Today’s ongoing sourcing constraints have disrupted fleet standardization strategies industrywide, curtailing what has proven to be an effective tool in cost containment.
Operating standardized service trucks or vans improves fleet efficiency, reduces maintenance complexity and enhances employee productivity since these vehicles typically carry an identical inventory of parts and tools.
However, the sourcing environment of the past two years has made it difficult to standardize fleet assets.
Observations from the Field
Here are comments from fleet managers on their struggle to maintain a standardized fleet.
“I needed to place an order for full-size pickups but was told I could only get them in crew cabs.”
Another fleet manager’s observation: “When ordering my work trucks, the only ones I can get are those spec’d for retail customers with options that I do not need for my fleet application.”
This complaint was seconded by another fleet manager.
“There may be full-size pickups available, but they are spec’d with all the bells and whistle that a high-end retail buyer would want — not a fleet buyer.”
When businesses such as these are forced to source different models, it creates inefficiencies produced by running an irregular fleet of service vehicles. Additionally, when vehicles are spec’d at different trim levels, the potential arises for employee morale issues.
Operating a variety of service trucks or vans also adds complexity to the fleet operation since it means managing a variety of maintenance schedules.
Glimmers of Hope
And while sourcing constraints promise to be with us in one form or another for years to come, there are glimmers that we might be seeing our first glimpses of fleet sourcing improvements.
One example is a published report from the recently held Chevrolet National Dealer Council. The report indicates GM expects to return to nearly full production — nearly 100% — sometime in calendar-year 2023. That is an enormously positive sign.
Another encouraging sign of an improving sourcing environment is the dramatically decreasing number of “build-shy” units — namely vehicles built with missing some parts — pointing to an easing of component constraints.
New-Vehicle Dealership Inventory
One more positive sign is the increasing number of new vehicles in inventory at dealerships.
A recent decline in retail customer traffic at dealerships may be one reason for the increased dealer inventory. The decline has been caused primarily by higher interest rates and the sticker shock of today’s retail prices.
This reality is illustrated by the increase in the volume of seven-year finance contracts. The purpose of these seven-year contracts: lower consumers’ monthly payment.
This is positive news for fleets looking to buy units out of dealer stock, including many fleet in the mid-market segments that lack fleet allocation from OEMs.
Many people might not know this, but not everyone gets a fleet allocation. While prices aren’t back to wholesale levels, nowadays, most fleets can buy dealer stock units at MSRP. The vehicle markups or market adjustments prevalent in the past two years are beginning to recede.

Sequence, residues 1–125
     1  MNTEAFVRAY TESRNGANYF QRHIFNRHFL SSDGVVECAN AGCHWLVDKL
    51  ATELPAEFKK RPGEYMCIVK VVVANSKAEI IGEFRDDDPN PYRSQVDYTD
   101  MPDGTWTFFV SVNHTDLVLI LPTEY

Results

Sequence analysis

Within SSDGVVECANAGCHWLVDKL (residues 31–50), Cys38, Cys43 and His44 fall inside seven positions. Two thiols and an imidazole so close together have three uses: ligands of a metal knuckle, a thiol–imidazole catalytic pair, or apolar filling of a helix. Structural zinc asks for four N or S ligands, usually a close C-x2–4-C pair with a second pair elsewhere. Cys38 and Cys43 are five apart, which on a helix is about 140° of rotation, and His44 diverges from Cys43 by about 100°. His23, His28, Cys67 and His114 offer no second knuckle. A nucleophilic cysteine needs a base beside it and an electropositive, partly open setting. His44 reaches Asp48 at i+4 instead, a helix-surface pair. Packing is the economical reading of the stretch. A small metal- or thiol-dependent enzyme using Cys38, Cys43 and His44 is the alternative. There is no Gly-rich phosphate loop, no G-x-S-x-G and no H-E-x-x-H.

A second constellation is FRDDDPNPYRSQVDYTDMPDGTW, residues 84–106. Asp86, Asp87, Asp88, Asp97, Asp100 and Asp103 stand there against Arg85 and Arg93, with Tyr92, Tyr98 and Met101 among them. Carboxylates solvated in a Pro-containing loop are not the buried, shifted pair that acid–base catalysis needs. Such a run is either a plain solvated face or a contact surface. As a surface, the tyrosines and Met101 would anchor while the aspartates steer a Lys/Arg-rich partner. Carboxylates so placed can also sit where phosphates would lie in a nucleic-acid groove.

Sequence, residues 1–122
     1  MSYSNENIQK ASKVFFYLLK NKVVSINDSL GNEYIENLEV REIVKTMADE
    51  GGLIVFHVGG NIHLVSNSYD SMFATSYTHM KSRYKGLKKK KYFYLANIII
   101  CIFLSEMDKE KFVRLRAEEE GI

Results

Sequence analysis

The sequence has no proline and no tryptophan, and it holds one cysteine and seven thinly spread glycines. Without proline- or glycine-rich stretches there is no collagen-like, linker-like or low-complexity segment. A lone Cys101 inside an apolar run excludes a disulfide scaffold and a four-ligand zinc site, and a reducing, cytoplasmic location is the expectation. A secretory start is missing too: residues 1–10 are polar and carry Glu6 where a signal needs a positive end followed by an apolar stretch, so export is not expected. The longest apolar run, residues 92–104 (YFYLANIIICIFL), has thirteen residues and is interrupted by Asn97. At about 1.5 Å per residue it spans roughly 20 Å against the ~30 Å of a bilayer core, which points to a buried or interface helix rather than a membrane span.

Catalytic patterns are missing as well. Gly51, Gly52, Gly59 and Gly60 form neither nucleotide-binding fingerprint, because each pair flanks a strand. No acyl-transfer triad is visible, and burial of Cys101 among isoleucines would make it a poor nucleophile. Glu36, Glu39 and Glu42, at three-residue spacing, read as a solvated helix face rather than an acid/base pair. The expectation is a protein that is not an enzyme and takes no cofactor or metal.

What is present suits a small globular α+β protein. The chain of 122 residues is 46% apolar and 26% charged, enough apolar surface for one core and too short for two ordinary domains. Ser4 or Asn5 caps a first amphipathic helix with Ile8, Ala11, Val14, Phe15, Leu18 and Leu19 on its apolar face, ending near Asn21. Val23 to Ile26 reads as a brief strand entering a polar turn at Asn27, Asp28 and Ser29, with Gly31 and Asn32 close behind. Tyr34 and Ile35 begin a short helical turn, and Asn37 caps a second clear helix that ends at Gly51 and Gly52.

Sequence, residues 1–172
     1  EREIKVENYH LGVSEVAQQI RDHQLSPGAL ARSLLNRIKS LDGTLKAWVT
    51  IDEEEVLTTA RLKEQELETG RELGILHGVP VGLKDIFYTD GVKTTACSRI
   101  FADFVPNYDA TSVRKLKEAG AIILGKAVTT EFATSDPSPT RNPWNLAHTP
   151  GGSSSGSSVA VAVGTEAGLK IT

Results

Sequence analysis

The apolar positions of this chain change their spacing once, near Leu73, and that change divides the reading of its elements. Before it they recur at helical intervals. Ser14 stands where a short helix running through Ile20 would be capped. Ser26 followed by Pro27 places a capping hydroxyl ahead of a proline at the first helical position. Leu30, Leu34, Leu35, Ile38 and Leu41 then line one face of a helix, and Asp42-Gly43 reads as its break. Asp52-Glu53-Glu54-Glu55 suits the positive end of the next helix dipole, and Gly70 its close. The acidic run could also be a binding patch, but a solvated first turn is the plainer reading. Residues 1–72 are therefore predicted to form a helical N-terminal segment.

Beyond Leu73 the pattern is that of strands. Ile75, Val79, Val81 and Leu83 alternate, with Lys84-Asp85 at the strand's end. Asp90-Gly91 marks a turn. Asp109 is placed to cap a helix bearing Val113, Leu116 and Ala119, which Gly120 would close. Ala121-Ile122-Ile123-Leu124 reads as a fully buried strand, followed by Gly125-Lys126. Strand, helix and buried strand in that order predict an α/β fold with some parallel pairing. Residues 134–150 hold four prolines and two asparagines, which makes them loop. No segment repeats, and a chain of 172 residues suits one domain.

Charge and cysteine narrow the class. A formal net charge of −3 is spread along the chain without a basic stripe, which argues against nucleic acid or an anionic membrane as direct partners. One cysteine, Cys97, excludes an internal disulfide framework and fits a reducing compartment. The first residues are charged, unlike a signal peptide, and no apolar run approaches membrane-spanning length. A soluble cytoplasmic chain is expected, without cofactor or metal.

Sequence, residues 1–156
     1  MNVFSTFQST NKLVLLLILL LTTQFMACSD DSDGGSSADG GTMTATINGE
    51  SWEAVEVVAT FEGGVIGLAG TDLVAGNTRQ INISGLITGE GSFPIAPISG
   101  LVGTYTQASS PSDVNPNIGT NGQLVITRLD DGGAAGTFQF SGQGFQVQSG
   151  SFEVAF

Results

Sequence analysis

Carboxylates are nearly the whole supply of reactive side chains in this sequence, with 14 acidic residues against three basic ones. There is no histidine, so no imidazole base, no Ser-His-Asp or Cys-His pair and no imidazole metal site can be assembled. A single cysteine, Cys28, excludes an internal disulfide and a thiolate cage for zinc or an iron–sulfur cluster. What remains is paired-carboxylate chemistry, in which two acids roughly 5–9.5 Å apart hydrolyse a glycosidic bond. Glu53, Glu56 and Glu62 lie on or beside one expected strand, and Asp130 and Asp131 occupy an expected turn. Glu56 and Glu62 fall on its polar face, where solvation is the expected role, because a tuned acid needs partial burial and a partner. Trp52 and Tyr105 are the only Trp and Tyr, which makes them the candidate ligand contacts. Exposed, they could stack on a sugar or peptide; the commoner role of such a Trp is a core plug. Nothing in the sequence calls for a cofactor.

OEMs Restart Fleet Sales
In another optimistic sign of improving fleet sourcing, manufacturers who previously scaled back or curtailed fleet sales now are starting to take fleet orders, primarily because inventory at their dealerships has improved.
For instance, the increased dealer inventory at Hyundai Motor America has prompted the company to recommence fleet sales.
Hyundai halted its fleet deliveries for nine months in calendar-year 2022. However, according to its CEO Randy Parker, who spoke at the National Automobile Dealers Association conference last October, Hyundai is selling vehicles again to fleet customers.
Likewise, Nissan announced additional MY-2023 allocation for the Nissan Rogue and has reopened its fleet order banks. In fact, the 2023 model production of the Nissan Rogue has been extended to January 2024.
Despite the positive signs, it’s still too early to say how big an impact Hyundai and Nissan return to fleet sales will have in the short term.
Fleet order allocations are still in effect at most OEMs, plus many have stated fleet allocation ordering will continue into the 2024 model-year.
Improvements Vary Vehicle Segment
Improvements in sourcing constraints continue to vary by vehicle segments.
For example, the van segment promises to remain extremely tight for the next several years following the recent announcements that three popular models in the small van segment will be discontinued.
Vans were already in limited supply, and their availability will become even more limited in calendar-year 2024 now that these three models will be discontinued.
Likewise, light-duty full-size pickups continue in very tight supply because strong demand persists in both the fleet and retail markets for these trucks.
Finally, Class 5-7 trucks continue to have extremely long order-to-delivery times, and no one sees this situation improving in the near-term future.
One cause is the huge and growing pent-up demand for a large volume of replacement vehicles fleets were unable to order in prior model years.
Despite these headwinds, the industry may be starting to see the light at the end of the supply chain tunnel.
Originally posted on Automotive Fleet
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